Fertilization is one of the most fundamental processes in nature, yet critical gaps exist in our understanding of this essential process. One of the earliest and most prevalent barriers to successful reproduction is the fertilization of an egg by more than one sperm, or polyspermy. This common problem, faced by the eggs of all sexually reproducing species, causes severe chromosomal defects and leads to embryonic mortality. This project will investigate the molecular mechanisms that ensure that each egg is fertilized by only one sperm, thus allowing for normal embryonic development. In the eggs of many organisms, fertilization evokes a prolonged membrane depolarization, which acts as a fast block to polyspermy. The fast polyspermy block requires the activity of one of more ion channel, but the molecular identity of any required channel is not known. In many species, including frogs, Cl- channels likely mediate this process. Coincidentally, a fertilization-induced increase i Ca2+ also occurs prior to the fast polyspermy block. A possible connection between these two events is the recently identified Ca2+ activated Cl- channel encoded by the TMEM16a gene.
In specific aim one, I will identify the source of Ca2+ required for the depolarization at fertilizatin. Experiments outlined in specific aim two will uncover the role of the TMEM16a channel in the fast polyspermy block. Along with a fertilization-evoked increase in Ca2+, fertilization is also accompanied by a two-fold increase in phosphatidylinositol 4,5-bisphosphate (PIP2). The role that this elevated PIP2 may play in the first minutes after fertilization is unknown. Because PIP2 is a known regulator of structurally diverse ion channels and because the fertilization-evoked PIP2 elevation occurs within the time frame of the fast polyspermy block, I hypothesize that PIP2 regulates the fertilization-evoked depolarization. I will test this hypothesis in specific aim three and determine if PIP2 depletion affects the polyspermy block. The results of these experiments will contribute to our understanding of the biology of fertilization, and will provide the basis for future advances is reproductive medicine.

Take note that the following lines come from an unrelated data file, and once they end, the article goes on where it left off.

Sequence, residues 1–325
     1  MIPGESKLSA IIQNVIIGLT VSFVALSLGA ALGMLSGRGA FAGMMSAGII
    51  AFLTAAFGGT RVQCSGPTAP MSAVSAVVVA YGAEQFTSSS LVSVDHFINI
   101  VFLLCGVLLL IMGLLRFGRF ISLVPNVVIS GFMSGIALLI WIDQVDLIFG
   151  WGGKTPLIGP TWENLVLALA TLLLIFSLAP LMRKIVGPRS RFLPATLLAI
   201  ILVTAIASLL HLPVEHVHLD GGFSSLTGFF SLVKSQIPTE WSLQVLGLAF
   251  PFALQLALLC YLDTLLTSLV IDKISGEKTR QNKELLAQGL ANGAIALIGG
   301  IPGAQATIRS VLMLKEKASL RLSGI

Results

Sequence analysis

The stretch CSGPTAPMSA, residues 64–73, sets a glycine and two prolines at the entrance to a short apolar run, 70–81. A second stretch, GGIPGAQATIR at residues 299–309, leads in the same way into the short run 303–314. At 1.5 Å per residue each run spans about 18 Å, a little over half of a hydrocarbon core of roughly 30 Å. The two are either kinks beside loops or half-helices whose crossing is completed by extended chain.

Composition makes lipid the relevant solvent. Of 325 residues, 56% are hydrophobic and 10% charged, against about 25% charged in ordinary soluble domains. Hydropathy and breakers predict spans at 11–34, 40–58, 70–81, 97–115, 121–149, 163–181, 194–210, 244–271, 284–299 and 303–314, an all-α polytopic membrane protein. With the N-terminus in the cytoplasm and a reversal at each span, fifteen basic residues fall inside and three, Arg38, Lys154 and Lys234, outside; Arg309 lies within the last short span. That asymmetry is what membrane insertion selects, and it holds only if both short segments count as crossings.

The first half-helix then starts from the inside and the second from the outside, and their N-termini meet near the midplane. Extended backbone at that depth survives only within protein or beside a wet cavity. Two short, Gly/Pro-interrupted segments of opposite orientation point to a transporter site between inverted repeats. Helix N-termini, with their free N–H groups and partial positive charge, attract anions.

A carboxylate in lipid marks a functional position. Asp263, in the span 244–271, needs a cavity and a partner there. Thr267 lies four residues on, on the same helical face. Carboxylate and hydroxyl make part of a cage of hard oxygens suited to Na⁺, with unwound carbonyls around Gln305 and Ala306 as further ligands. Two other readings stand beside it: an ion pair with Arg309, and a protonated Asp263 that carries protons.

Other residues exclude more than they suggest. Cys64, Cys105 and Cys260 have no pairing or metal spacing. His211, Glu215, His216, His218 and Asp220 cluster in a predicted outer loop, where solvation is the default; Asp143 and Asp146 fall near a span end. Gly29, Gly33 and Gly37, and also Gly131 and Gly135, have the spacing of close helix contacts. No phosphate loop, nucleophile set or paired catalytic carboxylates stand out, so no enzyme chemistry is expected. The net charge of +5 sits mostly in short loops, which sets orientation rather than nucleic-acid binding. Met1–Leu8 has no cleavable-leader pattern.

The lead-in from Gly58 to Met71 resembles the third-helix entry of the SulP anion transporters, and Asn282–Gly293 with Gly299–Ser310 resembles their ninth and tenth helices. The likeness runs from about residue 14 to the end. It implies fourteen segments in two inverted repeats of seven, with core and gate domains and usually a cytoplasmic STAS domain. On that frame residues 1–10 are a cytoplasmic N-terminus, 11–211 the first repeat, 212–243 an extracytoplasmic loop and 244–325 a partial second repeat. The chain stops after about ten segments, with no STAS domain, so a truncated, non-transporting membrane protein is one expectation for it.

Fertilization is one of the most fundamental processes in nature, yet many of the processes involved in this process are unknown. Using cutting-edge experimental techniques, this project will uncover the molecular mechanisms that ensure that each egg is fertilized by only one sperm. These findings will contribute to our understanding of the events that begin new life.